Some families have moved out of their homes. Other families have removed roof decks and/or walls of SPF in hopes of reducing the chemicals and symptoms experienced in the home. Some families have no choice other than to remain in their home and rely on mechanical ventilation/filtration to help ease the chemical burden and symptoms, but find little relief.

    After nearly a year of research, ventilation, lots of lab testing (chamber and air samples), and expert opinions, our family has begun tedious process of removing our SPF (roof deck and wall cavities). The removal is being performed by a local remediation company (the company has removed SPF in homes prior because of mold and moisture issues.

    A detailed protocol created by our Certified Industrial Hygienist (other credentials include CSE, CIEC, CEICC, CIAQP, CIAQC) whom has experience (20+ yrs.) with isocyanates (Side A of the two part foam) is being followed to ensure safe removal (dust created from breaking the foam is a respiratory and dermal hazard).

    We are hopeful that removal of the SPF along with soda blasting will remove and neutralize the chemicals associated with the application of the SPF. We will do more testing after remediation is complete to ensure a safe environment prior to resuming to build

    According to the EPA the SPF should be cured (inert) and safe for re-entry 23-72 hrs after install. According to SPF companies, there should be no odor or off gassing after it is cured.
    Our home experienced something much different; a chemical smell has lingered and when we entered the home we experienced respiratory issues, headache, flu aches, muscle aches, throat, eye irritation and chest pain. On warm days, the smell and symptoms were more severe. Some visitors experienced the same symptoms while others do not. There is a varying degree of threshold levels, but almost everyone, after prolonged periods complain of eye, throat irritation.

    A lot of lab work has been completed by a well known leader in product testing. Our chamber and air tests show a long list of chemicals that at even low levels, chronic exposure to most of the captured chemicals in our home will undoubtedly cause health issues after little or prolonged exposure. Frighteningly, our chemical profile from both the chamber and air testing mimics most of the other homes experiencing the same complaints with the SPF.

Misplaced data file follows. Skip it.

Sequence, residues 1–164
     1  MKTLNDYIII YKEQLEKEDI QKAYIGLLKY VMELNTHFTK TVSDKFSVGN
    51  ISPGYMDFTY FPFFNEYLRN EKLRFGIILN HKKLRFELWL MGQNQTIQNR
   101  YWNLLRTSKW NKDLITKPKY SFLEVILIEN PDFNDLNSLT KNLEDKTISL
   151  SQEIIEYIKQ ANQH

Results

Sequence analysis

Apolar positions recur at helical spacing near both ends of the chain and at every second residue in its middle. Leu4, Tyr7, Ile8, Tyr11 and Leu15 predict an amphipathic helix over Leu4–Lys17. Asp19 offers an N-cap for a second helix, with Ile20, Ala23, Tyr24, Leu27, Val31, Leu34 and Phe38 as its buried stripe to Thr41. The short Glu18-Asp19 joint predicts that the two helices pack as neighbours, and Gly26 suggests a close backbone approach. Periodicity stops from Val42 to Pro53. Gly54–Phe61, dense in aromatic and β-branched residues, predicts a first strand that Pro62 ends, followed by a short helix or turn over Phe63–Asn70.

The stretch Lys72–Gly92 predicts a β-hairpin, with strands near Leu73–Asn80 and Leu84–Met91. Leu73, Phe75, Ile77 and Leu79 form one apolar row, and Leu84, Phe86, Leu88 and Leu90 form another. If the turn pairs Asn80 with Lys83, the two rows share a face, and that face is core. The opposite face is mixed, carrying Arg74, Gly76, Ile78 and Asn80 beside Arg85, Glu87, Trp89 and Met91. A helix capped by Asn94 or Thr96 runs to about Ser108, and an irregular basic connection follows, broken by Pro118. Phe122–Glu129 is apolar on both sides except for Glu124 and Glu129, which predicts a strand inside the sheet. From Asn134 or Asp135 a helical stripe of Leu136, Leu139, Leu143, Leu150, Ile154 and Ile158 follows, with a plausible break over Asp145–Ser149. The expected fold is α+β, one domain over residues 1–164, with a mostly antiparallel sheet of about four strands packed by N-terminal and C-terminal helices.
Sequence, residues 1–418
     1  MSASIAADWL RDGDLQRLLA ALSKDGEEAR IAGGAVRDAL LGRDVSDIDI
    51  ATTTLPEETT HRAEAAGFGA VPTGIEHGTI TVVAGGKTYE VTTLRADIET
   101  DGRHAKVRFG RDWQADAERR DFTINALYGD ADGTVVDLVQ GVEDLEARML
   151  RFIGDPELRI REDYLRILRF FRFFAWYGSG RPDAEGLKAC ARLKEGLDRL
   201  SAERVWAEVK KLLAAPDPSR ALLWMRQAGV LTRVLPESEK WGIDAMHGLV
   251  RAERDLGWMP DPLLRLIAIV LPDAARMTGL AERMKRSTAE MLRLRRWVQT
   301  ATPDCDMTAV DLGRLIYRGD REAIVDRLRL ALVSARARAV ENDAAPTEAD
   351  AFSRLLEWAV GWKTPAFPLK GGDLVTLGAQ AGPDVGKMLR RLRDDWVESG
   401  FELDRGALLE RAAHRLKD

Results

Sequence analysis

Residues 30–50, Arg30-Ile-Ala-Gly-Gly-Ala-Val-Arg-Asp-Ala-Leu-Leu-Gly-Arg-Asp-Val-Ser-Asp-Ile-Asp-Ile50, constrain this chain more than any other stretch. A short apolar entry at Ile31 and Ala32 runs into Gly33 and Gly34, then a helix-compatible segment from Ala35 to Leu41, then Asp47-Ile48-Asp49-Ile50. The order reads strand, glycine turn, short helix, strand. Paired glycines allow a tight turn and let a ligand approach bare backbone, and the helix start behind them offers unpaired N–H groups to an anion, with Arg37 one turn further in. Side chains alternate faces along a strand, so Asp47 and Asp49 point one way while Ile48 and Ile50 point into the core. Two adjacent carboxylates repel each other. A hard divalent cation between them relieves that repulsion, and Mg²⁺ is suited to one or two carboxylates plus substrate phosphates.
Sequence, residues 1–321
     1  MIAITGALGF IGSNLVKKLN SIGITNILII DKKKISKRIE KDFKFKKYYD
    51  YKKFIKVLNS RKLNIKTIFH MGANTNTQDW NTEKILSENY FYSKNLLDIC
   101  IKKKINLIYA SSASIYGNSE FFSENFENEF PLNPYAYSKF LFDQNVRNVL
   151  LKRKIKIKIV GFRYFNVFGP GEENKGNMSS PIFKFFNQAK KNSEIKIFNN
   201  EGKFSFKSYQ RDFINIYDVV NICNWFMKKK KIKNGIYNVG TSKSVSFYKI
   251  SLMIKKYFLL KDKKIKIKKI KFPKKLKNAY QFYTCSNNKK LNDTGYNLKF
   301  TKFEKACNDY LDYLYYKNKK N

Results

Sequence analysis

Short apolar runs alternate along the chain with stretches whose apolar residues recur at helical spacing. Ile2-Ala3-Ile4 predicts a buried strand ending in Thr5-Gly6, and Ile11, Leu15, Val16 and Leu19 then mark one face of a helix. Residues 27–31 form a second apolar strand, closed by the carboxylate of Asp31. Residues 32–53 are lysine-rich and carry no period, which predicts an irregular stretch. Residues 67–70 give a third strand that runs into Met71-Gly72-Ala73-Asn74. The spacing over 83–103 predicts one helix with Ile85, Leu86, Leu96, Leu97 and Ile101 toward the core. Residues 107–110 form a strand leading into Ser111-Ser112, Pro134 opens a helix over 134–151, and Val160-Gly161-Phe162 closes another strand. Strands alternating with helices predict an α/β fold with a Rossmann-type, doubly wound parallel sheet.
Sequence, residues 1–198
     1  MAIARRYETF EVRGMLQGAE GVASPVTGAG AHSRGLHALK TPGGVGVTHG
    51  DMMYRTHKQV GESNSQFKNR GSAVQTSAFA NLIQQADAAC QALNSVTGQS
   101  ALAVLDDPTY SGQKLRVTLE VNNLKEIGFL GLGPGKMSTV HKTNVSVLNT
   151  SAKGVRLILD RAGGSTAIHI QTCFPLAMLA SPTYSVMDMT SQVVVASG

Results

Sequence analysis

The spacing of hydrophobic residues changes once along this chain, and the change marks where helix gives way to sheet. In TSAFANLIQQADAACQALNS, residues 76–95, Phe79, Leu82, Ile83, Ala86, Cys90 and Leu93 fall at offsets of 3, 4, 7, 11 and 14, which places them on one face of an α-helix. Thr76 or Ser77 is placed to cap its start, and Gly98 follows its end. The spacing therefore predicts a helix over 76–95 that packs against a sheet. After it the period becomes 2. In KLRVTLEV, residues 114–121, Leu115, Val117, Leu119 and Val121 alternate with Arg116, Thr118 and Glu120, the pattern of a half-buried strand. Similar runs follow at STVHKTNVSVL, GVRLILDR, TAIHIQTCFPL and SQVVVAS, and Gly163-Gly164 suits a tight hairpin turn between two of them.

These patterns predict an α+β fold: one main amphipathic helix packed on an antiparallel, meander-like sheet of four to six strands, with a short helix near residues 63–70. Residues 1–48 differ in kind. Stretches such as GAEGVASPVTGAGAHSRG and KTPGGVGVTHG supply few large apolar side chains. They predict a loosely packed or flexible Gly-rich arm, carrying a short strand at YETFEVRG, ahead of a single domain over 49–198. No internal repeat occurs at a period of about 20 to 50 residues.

Is this all a coincidence that the same chemicals are found in homes with spray foam and the owners are experiencing the same symptoms?

    Today we are much more sensitive to things that contain isocyanates and flame retardants. Renting a car, walking into REI, IKEA, and HomeDepot can cause eye irritation, burning throat and chest congestion. Even running on a refinished track or wearing a wetsuit can evoke our symptoms.

    Other SPF homeowners have had severe reactions and illness thought to be associated with the chemicals from the SPF. Children of some of these SPF homes develop a chronic cough and asthma like breathing. Chronic low grade fever and autoimmune responses have also been observed. Muscle aches and mental confusion and chest pain are other symptoms and can be seen during exposure and/or develop after being in an SPF home for long periods.

    Our SPF manufacturer/supplier is very aware of our complaints and concerns (and the complaints of the other homeowners), but the company continues to deny any sort of problem with their product.
    The contractor who installed the foam (in18 degree weather, with zero ventilation during install [two weeks], and allowed us and others to be in the home during installation) denies anything is wrong. Needless to say, like most of the other homeowners, we are left on our own to handle this because the science is not yet 'there'.

    Do you have SPF insulation somewhere in your home (attic, wall cavities, crawl space)? Do you experience asthma like symptoms, chronic cough, headache, throat or eye irritation, nausea, skin rash, muscle aches, flu-ish, any new autoimmune issues since moving into or installing SPF?
    If so, do your symptoms decrease when away from the home OR during times of lower temperatures?

    Another issue has been seen in older SPF in homes. Have you had SPF insulation for 1-8 years and recently notice a new chemical odor or the above symptoms? A family we know has removed SPF from their home after 6 yrs. because in June 2011 it started to smell and the family had to move out because of their related symptoms. Test results indicate the foam is decomposing and releasing the same chemicals that we have in our relatively newly sprayed home.

    I hope our situation is a random, but if it is not and other homeowners with SPF are experiencing similar symptoms, it is important that information is being gathered and awareness is spread.
    Please contact me with any questions or relevant questions: [email protected]